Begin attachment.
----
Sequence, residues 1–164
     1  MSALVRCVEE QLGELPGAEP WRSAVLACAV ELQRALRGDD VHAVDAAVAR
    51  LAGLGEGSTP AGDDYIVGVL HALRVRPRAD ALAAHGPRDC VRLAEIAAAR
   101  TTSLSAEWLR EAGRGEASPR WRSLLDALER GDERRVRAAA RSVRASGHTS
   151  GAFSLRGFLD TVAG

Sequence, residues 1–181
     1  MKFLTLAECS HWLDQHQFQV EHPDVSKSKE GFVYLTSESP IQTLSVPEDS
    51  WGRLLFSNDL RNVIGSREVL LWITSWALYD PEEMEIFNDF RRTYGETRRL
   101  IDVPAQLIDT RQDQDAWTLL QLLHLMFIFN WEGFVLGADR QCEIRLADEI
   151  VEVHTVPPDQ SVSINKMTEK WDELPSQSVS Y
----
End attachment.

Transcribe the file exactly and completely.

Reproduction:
Sequence, residues 1–164
     1  MSALVRCVEE QLGELPGAEP WRSAVLACAV ELQRALRGDD VHAVDAAVAR
    51  LAGLGEGSTP AGDDYIVGVL HALRVRPRAD ALAAHGPRDC VRLAEIAAAR
   101  TTSLSAEWLR EAGRGEASPR WRSLLDALER GDERRVRAAA RSVRASGHTS
   151  GAFSLRGFLD TVAG

Sequence, residues 1–181
     1  MKFLTLAECS HWLDQHQFQV EHPDVSKSKE GFVYLTSESP IQTLSVPEDS
    51  WGRLLFSNDL RNVIGSREVL LWITSWALYD PEEMEIFNDF RRTYGETRRL
   101  IDVPAQLIDT RQDQDAWTLL QLLHLMFIFN WEGFVLGADR QCEIRLADEI
   151  VEVHTVPPDQ SVSINKMTEK WDELPSQSVS Y